Second, in order to economize a public good, you must make it physical somehow. The word for this is reification. The idea of a story is reified into a book. The idea of a private club is reified into a physical clubhouse. The idea of a song is reified into a physical CD or a private concert. And so on.
Dealing with Objections
There are a few common objections to my proposal.
Objection 1: What about public art, like the Mona Lisa or the Eiffel Tower? Lots of people can simultaneously consume those without decreasing the “total mass”.
My response: Light is a physical object. It reacts with other physical objects; if you obstruct a light source with your hand it creates a shadow. As such, the light reflecting from art is not uniform. Looking at the Mona Lisa from 1 meter away is a different experience than looking at it from 100 meters away; or looking at it with 1 person standing directly in front of you. The total mass of the photons making their way to your eyes is rival and excludable.
Objection 2: What about services? Haircuts do not have mass, yet we pay for them.
My response: A haircut is not an abstract concept. It involves physical components: scissors, razors, and a person. All of these things individually are rival and excludable. You are paying for exclusive right to use them all at once.
Think of services as renting durable goods, like a car. A car has many components: seats, windows, a drivetrain. Because each of those components is physical, you can pay to have the exclusive right to use them all at once. Getting a haircut is the same thing.
Objection 3: This is too physicalist and objective for economics. Consumption is subjective. Public goods are about utility: your utility doesn’t depend on how many other people are consuming the good.
My response: putting aside the fact that the vast majority of authors use physical language when describing public goods, let’s assume this objection is true. Therefore, a better definition of a public good should be that “everyone derives the same utility from a public good”, or “no individual’s utility is lowered by another individual consuming the good.” The implication is that an individual is indifferent for any positive quantity of X. Mathematically, where u_i is individual i‘s utility, and X_T’ is a different quantity of X_T, and ~ represents indifference,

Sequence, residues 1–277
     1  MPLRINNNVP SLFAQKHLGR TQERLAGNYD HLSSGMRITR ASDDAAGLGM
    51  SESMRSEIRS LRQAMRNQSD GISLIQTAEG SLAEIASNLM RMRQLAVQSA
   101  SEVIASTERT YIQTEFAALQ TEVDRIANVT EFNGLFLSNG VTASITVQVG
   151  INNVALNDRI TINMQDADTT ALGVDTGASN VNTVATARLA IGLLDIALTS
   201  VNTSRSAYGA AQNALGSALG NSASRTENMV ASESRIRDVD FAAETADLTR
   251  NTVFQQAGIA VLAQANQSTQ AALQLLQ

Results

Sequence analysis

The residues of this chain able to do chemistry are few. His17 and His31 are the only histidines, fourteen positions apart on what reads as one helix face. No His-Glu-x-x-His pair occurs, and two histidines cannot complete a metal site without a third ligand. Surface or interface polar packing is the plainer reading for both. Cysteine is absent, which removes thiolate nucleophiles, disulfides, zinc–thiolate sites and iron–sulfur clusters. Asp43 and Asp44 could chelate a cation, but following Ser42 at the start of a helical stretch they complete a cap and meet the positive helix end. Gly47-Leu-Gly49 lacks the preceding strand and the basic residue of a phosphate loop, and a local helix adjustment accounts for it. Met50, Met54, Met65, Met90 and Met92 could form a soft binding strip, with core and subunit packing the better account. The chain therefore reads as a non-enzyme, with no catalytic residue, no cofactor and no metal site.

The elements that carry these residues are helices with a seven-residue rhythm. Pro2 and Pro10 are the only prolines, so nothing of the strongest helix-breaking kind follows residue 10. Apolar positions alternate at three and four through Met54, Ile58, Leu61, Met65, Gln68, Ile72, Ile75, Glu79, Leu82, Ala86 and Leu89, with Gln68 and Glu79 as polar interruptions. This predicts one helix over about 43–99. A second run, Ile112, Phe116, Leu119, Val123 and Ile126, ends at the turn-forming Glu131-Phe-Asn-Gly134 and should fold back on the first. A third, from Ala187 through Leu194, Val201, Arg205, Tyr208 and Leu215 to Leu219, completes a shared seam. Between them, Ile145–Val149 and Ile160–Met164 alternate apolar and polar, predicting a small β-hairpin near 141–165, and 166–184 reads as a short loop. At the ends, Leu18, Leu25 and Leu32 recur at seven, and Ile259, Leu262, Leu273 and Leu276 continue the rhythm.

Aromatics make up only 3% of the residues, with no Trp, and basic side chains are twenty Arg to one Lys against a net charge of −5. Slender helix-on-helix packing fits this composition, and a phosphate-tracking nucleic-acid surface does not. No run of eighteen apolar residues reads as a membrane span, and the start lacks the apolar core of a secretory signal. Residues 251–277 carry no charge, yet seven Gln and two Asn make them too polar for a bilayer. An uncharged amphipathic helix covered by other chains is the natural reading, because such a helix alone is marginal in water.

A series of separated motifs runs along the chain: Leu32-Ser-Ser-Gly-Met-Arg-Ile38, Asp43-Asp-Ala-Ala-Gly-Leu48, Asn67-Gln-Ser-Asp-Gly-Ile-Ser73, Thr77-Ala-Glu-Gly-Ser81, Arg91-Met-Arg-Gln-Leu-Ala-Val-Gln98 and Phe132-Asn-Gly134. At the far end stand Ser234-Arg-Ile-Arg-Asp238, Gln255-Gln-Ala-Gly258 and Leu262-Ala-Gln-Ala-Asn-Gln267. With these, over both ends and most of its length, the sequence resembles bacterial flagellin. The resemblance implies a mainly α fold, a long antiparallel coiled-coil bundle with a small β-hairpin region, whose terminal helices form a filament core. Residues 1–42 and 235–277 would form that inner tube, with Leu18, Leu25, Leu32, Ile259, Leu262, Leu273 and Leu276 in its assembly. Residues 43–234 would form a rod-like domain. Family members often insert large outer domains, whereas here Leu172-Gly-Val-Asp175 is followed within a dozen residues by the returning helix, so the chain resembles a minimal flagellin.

u_i(X_T) ~ u_i(X_T’), for all i, X_T, and X_T’ > 0.
Note that this definition violates the non-satiety assumption of indifference curves, as the consumer is indifferent between more or less of the goods. This is also counter to the law of diminishing marginal utility. But then the question becomes: why would a consumer be indifferent to consuming 1 unit or 1 billion? Why does this special class of goods exist?
One way to answer it would be to say “subjectivity”, and leave it at that. But I find this unsatisfactory. My answer is that consumption does have an objective element to it; and it only makes sense for a person to be indifferent between all levels of more and less if there is objectively no difference between more and less. For massless goods like ideas, it makes no sense of to talk about units. How many units does the Pythagorean Theorem have? Or the story of Aladdin?
Objective 4: This is too pedantic of an interpretation of public goods. The pure non-rival, non-excludable definition is only a limiting case. It’s enough for something to have a high transaction cost, such that the total supply is less than the socially optimal supply, for it to be a public good.
My response: pedantic or not, it is the textbook definition of a public good. And the reason that economists have given up looking for examples that try to fit this definition is because they have had the wrong framework. But the distinction between physical and immaterial goods clarifies this difficulty. The fact that all physical goods are, in principle, rival and excludable, means that if a physical good is not being provided, the working hypothesis should be that either (a) there is insufficient demand for such a good; or (b) there is a government regulation that is interfering with the market.
Public goods, as traditionally defined in physical terms, must be immaterial by the venerable Law of Conservation of Mass. Ideas, therefore, are public goods. But all other goods that have mass, or services that require physical things, are private goods. Public goods can be made private through reification.
The reason the working definition of public goods has been watered down is because until now, economists have had an inadequate framework for analyzing public goods. If a physical good is not being supplied at the “socially optimal level”, then the most likely causes are either (a) the demand for it is weak, or (b) there is government interference in its production.
Many authors have suggested there is some sort of “spectrum” for public goods; either from “pure” to “impure” public goods, or from “pure” public goods to “pure” private goods. I suggest that in light of the above arguments, it makes more sense to think about a Venn diagram: one set representing physical goods, and another set representing immaterial goods, with no intersection between them.